Imaginary Teenage Daughter: How can I go to a school dance if you don't let me wear make-up?

Imaginary Mother Self: You can wear make-up to school dances if I can veto your outfit.

This reminds me that my mother's primary objection to my school dance outfits was that I wore too much black. Ah ha ha ha ha. Contemporary mothers-of-teenagers should have so little to complain about.

*This assumes, of course, that she was not being homeschooled by me and a cast of friends straight out of My Family and Other Animals.

Question for the Homeschooled: Dances? Do they happen?


  1. Speaking as a graduate of homeschool, dances unfortunately did not happen. But, thanks to the pleadings and cajolings of homeschoolers of my age, the parents seem to have listened, and there are a few dances now being offered in the local co-ops. Swing-dancing is popular amongst most of the homeschooled teenage girls, though not nearly as many of the homeschooled teenage boys, perhaps because they have not yet got over their insecurities about the possibility of looking awkward in front of girls.

  2. Yes, I can see that, for swing-dancing has real steps. Alas, when I was a teenager, swing-dancing was only for grandparents, and so our dance steps were rarely more complicated than the Twist.

    In Scotland boys and girls are forced to learn Scottish Country Dances at school, which socially useful for Burns Night Suppers, New Year's Eve, weddings and entertaining tourists from abroad.

    I loved going to dances so much. I will now mull over whether or not it was worth suffering through math class under a psycho and therefore ending up numerically illiterate. Yes it was. Besides my school had sincerely excellent architecture, and my Catholic faith suffered not a jot.

  3. Having been homeschooled myself, I think that delaying the freedoms one enjoyed at 14 until 18 or 19 for one's daughter is an extremely unfortunate (though understandable and tempting) course of action.
    Yes, homeschoolers catch a lot of flack from contemporary culture. And as far as preserving innocence, I'm totally on their side. Ain't no way MY kids are going to have tablets, i-phones, etc. by the time they're 10 or 6 or whatever is normal these days.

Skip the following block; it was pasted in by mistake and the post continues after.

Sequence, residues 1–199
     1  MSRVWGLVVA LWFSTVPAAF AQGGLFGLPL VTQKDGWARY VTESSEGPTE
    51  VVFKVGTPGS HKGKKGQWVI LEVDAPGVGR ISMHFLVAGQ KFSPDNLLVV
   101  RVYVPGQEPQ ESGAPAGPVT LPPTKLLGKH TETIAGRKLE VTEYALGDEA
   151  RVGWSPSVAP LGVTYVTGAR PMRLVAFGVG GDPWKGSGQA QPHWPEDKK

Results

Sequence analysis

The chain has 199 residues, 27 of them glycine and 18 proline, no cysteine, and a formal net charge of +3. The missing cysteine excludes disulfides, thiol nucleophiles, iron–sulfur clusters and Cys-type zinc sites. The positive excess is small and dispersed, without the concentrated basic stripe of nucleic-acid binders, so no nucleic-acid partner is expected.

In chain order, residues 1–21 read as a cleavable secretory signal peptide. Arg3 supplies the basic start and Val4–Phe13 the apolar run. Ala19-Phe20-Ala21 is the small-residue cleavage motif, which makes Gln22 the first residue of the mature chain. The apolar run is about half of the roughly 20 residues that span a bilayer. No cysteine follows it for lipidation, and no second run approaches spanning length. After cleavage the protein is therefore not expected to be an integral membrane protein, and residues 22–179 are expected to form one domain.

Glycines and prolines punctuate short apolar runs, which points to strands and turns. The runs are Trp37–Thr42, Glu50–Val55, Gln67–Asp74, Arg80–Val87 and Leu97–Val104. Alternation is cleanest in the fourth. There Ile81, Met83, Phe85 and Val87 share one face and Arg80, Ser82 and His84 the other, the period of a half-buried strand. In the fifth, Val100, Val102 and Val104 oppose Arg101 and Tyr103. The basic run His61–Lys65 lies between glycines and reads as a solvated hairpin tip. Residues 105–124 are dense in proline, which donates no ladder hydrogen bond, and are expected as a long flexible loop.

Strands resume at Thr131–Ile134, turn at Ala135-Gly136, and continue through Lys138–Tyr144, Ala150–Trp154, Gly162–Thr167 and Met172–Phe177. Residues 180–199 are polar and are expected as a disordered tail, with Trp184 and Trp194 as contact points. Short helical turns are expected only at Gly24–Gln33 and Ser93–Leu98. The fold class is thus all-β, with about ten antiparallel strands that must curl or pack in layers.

BUT, you're supposed to be more or less GROWN UP by the time you leave home. Going off to college, or into the working world at 19, when you've been treated like an innocent little child all your life, is not as ok as the homeschooling newsletters of the 90's made it out to be.
    To be an adult, you need to practice being an adult. And the best preparation is slowly being given adult freedoms while you're still under the guidance of your parents. Takes a lot of trust in God and self-restraint and patience and common sense on the part of the parent, but I strongly believe it's worthwhile.

  4. Well, you are probably right! Okay, pink lipstick at 12 (Imaginary Daughter), heeled shoes at 13, red lipstick at 14, wine at the table--heck admission to adults' table--from 14, driving lessons at 15, 11 PM curfew at 16, heavily chaperoned travel abroad at 17, gin-and-tonic with the grownups at 18. Martial arts lessons throughout and sex ed from age 12. Sex ed will include "The Code" and other pick-up artist handbooks, so she will know what she is up against.

    Of course, if she wanted to be a nun, she could politely decline the lipstick, the shoes, etc. One must ponder the possibility--or one must if one has a real daughter, not merely non-existent hypotheticals!

  5. Haha, nice! I'm a fan of "martial arts throughout" and totally agree that "sex ed" ought to include instruction in the social cues and pitfalls...
    Probably wouldn't do a convent-bound girl any harm to wear lipstick and test her vocation ;-)